Sibanye Gold Starts Beatrix Operations After Union AgreementPaul Burkhardt
Sibanye Gold Ltd. resumed operations at its Beatrix mine after unions agreed to maintain peace and cooperate with an investigation into violence that broke out between rival labor groups.
Operations started Monday at the Beatrix North and South shafts, shut after nine employees were injured on Feb. 5 before a meeting planned by the Association of Mineworkers and Construction Union, Johannesburg-based Sibanye said in a statement.
“Our members were back last night,” Livhuwani Mammburu, a spokesman for the National Union of Mineworkers, said by phone. “A memo of understanding was signed.”
NUM members on buses not going to the meeting were assaulted, Teboho Mohale, branch secretary for the union at Beatrix, said by phone. AMCU members were denied access to worker hostels, union president Joseph Mathunjwa said Monday. Both the AMCU and the NUM have agreed to participate in an investigation by Sibanye into the incidents and take disciplinary action against those involved, the company said.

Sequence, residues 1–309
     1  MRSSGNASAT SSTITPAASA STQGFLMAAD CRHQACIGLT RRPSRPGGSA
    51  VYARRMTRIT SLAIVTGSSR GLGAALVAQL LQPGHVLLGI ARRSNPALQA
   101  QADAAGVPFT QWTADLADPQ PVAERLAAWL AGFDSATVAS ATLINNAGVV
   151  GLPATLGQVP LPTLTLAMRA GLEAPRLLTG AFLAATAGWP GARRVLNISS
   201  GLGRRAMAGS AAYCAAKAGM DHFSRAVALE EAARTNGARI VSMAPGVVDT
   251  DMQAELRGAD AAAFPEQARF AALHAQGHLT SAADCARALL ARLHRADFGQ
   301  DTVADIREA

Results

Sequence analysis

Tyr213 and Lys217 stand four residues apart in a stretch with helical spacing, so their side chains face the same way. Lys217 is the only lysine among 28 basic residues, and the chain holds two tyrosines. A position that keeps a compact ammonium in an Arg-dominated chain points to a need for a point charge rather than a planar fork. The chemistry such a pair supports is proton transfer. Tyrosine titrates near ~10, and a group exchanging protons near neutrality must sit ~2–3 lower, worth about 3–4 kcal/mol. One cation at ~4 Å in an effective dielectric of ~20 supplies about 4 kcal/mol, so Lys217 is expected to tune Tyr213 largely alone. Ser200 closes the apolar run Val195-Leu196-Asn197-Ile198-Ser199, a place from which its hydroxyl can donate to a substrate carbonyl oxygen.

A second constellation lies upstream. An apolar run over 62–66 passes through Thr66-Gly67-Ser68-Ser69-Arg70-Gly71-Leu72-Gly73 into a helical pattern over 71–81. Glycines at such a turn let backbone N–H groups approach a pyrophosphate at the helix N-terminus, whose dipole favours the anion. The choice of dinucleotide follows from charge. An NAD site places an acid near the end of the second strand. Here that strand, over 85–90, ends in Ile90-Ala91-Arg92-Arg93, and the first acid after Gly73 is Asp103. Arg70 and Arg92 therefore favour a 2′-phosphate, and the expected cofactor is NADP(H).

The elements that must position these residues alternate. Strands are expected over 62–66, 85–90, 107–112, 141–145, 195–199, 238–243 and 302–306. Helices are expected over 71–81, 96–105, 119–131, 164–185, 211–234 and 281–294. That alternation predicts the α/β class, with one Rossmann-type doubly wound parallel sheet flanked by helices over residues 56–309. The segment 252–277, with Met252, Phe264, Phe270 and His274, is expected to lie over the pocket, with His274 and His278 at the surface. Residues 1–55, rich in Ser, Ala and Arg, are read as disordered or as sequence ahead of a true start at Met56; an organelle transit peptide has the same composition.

“I commend the unions’ leadership on the mature and cooperative approach that they adopted during a period of high emotion,” Chief Executive Officer Neal Froneman said in the statement.
The AMCU, which usurped the NUM as the biggest representative of workers on South Africa’s platinum belt, has said its membership has surpassed 30 percent of Sibanye’s workforce. That threshold for minority recognition gives the AMCU the right to organize at the nation’s biggest gold producer.